Create new fexecve() variant with explicit interpreter
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Authored by jonathan on Jan 3 2017, 2:34 PM.

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rwatson
brooks
Summary

The ffexecve(2) system call allows a run-time interpreter to be specified explicitly rather than relying on the default logic (e.g., a path baked into an ELF program header).

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jonathan retitled this revision from to First attempt at a new fexecve() variant that allows the interpreter to be specified explicitly with a file descriptor..Jan 3 2017, 2:34 PM
jonathan updated this object.
jonathan edited the test plan for this revision. (Show Details)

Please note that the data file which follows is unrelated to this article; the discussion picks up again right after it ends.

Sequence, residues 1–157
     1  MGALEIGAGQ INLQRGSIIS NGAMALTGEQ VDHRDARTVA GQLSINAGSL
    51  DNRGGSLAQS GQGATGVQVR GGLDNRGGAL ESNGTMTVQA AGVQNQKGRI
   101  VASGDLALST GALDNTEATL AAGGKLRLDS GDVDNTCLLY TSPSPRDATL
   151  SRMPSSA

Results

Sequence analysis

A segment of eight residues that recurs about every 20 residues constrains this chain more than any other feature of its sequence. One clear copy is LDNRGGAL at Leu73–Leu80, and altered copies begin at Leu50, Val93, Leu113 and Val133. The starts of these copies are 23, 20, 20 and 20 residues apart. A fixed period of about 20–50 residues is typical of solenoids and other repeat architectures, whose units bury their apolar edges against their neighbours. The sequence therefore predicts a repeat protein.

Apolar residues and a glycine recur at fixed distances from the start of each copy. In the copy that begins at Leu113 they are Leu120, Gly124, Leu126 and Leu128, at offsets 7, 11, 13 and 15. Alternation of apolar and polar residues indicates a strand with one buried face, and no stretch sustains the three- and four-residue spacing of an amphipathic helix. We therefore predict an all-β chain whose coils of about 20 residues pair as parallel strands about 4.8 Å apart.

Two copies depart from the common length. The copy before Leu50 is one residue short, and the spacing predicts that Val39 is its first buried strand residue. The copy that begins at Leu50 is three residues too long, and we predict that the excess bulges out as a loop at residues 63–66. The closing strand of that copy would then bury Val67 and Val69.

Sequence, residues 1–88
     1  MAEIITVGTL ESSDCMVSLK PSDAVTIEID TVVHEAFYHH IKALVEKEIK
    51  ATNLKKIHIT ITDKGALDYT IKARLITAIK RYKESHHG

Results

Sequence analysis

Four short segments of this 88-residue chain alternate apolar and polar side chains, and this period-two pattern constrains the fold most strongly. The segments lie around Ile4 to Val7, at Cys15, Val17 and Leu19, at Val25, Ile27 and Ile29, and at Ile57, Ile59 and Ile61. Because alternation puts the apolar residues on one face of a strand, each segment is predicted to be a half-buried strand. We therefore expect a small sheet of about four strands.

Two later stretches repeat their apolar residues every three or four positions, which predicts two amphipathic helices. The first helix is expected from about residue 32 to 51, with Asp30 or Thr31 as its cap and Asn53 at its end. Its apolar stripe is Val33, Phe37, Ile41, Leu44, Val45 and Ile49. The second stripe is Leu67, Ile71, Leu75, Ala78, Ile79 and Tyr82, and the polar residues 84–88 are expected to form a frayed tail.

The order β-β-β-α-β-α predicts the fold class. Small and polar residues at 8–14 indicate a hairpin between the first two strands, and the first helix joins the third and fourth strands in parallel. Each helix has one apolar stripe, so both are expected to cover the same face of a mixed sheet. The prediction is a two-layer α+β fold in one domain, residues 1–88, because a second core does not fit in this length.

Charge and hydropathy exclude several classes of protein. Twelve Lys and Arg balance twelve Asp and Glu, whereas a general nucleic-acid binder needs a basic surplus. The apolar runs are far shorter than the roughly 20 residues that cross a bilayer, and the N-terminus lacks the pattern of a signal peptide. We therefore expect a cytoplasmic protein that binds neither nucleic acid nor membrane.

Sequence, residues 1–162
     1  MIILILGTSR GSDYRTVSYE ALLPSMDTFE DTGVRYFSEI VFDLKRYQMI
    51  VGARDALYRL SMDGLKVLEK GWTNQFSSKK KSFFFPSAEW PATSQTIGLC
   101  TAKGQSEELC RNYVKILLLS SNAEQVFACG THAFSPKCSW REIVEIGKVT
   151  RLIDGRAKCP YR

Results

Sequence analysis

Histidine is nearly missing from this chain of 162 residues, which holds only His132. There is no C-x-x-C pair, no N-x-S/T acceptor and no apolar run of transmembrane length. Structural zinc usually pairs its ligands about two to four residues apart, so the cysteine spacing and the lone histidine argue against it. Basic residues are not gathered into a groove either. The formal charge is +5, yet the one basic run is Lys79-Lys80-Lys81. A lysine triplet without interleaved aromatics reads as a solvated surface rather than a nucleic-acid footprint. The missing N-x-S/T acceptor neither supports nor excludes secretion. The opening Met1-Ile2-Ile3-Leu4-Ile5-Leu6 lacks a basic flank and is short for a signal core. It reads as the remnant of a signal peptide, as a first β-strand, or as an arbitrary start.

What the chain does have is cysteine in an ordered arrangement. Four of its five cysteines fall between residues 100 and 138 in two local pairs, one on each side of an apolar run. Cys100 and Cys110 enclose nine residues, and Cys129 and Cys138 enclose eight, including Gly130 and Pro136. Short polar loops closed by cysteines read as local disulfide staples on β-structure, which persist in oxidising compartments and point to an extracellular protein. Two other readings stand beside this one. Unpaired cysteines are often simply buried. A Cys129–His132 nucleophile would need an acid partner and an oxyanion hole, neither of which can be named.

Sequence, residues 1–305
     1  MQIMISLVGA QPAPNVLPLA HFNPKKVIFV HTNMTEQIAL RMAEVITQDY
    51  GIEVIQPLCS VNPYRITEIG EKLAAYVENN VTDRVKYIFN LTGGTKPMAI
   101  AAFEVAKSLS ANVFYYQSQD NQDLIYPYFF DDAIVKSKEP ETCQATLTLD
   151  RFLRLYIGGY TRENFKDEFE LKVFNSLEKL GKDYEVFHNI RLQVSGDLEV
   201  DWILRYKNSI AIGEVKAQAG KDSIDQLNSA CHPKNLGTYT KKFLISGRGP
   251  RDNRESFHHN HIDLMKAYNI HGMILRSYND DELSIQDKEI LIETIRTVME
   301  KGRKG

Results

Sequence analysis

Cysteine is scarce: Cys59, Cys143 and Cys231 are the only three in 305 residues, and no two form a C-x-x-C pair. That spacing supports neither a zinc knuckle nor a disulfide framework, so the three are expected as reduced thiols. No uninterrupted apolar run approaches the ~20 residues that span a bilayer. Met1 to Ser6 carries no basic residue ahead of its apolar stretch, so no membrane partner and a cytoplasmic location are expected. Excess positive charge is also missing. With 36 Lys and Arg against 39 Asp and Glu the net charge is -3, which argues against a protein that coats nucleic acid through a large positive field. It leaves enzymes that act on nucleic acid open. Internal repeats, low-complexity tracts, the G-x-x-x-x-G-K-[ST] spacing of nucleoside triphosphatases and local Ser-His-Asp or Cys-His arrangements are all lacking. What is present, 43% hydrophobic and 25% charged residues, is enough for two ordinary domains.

jonathan added a reviewer: rwatson.
emaste added a subscriber: emaste.Mar 17 2017, 3:37 PM
allanjude added inline comments.
sys/kern/init_sysent.c
6 ↗(On Diff #23573)

looks mangled

sys/kern/syscalls.c
6 ↗(On Diff #23573)

mangled

sys/sys/syscall.h
6 ↗(On Diff #23573)

mangled

sys/sys/syscall.mk
4 ↗(On Diff #23573)

mangled

sys/sys/sysproto.h
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mangled

kib added a subscriber: kib.Mar 17 2017, 3:44 PM

Please remove generated files from the diff.

lib/libc/sys/Symbol.map
333 ↗(On Diff #23573)

Wrong version.

emaste added inline comments.Mar 17 2017, 4:06 PM
sys/kern/init_sysent.c
6 ↗(On Diff #23573)

This is just an artifact of using old makesyscalls.sh in a git working dir (which has unexpanded $FreeBSD$ tags in the source files). The good news is that as of rS313564 these lines are not emitted by makesyscalls.sh.

jonathan updated this revision to Diff 26360.Mar 17 2017, 4:57 PM
  • Remove auto-generated files from diff.

Updating D9030: First attempt at a new fexecve() variant that allows the interpreter to be

specified explicitly with a file descriptor.

jonathan updated this revision to Diff 26361.Mar 17 2017, 5:04 PM